Public Boarding School Seeking to Expand
SEED School’s founders tout record of sending students on to college.
The founders of the nation’s only public boarding school are pushing efforts in several states to replicate their program, which takes poor students out of unstable homes and puts them in a rigorous, round-the-clock college-preparatory setting.
The SEED Foundation, a nonprofit organization that opened the 320-student School for Educational Evolution and Development, or SEED School, in the District of Columbia eight years ago, wants to open a second school in Maryland.
To that end, SEED officials are seeking approval from Maryland lawmakers and Gov. Robert L. Ehrlich Jr., a Republican, to create a state-financed boarding school that their group would run. The foundation would raise millions of dollars in private money to build the school, but is asking the state legislature to support its annual operations, which would cost $32,000 to $35,000 per student.
The school, if approved, likely would be built in Baltimore, but would be open to students from around Maryland, said Eric Adler, a founder and the managing director of the SEED Foundation. Students would be selected through a lottery system, as they are for the school in Washington.
The foundation is also eyeing, among other sites, two cities in California, and it has plans for a second Washington campus.
Political support for a new SEED school in Maryland has been largely bipartisan—Democrats and Republicans are sponsoring the bill in the legislature and Baltimore Mayor Martin O’Malley, a Democrat, is a strong supporter—but Mr. Adler said the expense of running a boarding school is still daunting to some public officials.
Last year, the foundation failed to get support from some Maryland Democrats, who were opposed to opening a SEED school as a charter school, as the Washington school is. In the current proposal, the school would be overseen by the state education department, and students attending the school would still be included in the enrollment counts of their home districts for state funding purposes, according to a fiscal analysis by the Maryland Department of Legislative Services.
“The cost of operating a boarding school is triple that of a regular public school,” Mr. Adler said in an interview this month. “We must make a very strong case that even though it’s expensive, it is economically far more productive than the costs of social services and, frankly, incarceration.
“We are worth the cost,” he said.
Going to College
Mr. Adler cites the 35 students who have graduated from the SEED School in Washington as proof. “They’ve all gone to college,” he said. “Every single one.”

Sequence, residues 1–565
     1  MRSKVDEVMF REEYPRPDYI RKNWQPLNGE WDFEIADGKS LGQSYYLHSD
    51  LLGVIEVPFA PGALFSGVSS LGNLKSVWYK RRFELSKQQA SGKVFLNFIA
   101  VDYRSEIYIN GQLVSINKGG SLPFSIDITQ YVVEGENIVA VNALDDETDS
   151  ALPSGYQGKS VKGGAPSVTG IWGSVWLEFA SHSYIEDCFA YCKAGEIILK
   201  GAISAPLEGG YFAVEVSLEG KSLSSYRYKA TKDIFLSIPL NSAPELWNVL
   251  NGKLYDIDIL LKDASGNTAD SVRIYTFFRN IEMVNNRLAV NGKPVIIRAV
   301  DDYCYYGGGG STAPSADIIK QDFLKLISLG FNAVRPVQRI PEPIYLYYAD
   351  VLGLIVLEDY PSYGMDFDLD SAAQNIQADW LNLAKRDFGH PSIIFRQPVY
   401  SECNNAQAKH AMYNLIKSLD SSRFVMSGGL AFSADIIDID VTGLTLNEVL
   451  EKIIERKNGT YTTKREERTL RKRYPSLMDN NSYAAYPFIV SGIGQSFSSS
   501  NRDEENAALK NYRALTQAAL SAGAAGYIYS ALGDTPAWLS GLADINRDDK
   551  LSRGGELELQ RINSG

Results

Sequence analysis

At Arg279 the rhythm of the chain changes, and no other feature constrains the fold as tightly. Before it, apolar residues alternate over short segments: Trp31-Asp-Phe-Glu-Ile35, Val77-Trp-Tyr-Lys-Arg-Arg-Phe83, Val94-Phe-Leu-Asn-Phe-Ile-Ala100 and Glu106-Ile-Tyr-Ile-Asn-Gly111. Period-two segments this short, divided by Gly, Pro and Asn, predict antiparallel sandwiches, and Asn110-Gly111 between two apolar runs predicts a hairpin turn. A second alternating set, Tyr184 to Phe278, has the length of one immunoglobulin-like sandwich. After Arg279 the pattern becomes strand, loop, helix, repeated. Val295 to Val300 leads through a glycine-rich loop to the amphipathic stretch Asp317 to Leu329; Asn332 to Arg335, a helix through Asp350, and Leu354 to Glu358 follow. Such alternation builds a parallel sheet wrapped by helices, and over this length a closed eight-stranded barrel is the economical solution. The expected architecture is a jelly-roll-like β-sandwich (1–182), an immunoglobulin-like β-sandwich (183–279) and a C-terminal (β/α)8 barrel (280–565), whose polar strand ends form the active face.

Results like those brought the endorsement of the Maryland Department of Education.
“It’s the type of innovation that makes sense in Baltimore city,” said William Reinhard, a spokesman for the department. “The school has gotten some good early notices in Washington, and we’d like to see the same innovations brought to students here.”
The SEED Foundation also wants to open schools in Los Angeles and Oakland. Two Los Angeles-area Democrats have introduced a bill in the California Assembly that is similar to the legislation in Maryland. The California bill could get its first hearing later this month.
Discussions are also under way with officials in Georgia and Wisconsin, Mr. Adler said.
The coed SEED School in Washington, which serves students in grades 7-12, has drawn most of its students from the neighborhood in the city’s southeast section where the school was built. Nearly all of them are African-American.
Students live in two dormitories—girls in one, boys in the other—and take seven classes a day. At night, they study under the supervision of school staff members who tutor them and help with homework.
Typically, Mr. Adler said, students who arrive at SEED are two or three grades behind in mathematics and reading. Many of them live in homes with adults other than their parents, or with single mothers who work multiple jobs.
The SEED School has a faculty and staff of 125 for its student body of 320, Mr. Adler said.
“We are working with kids that the D.C. schools or any other regular school district was never designed to be able to work for,” he said.
Vol. 25, Issue 28, Pages 5,17
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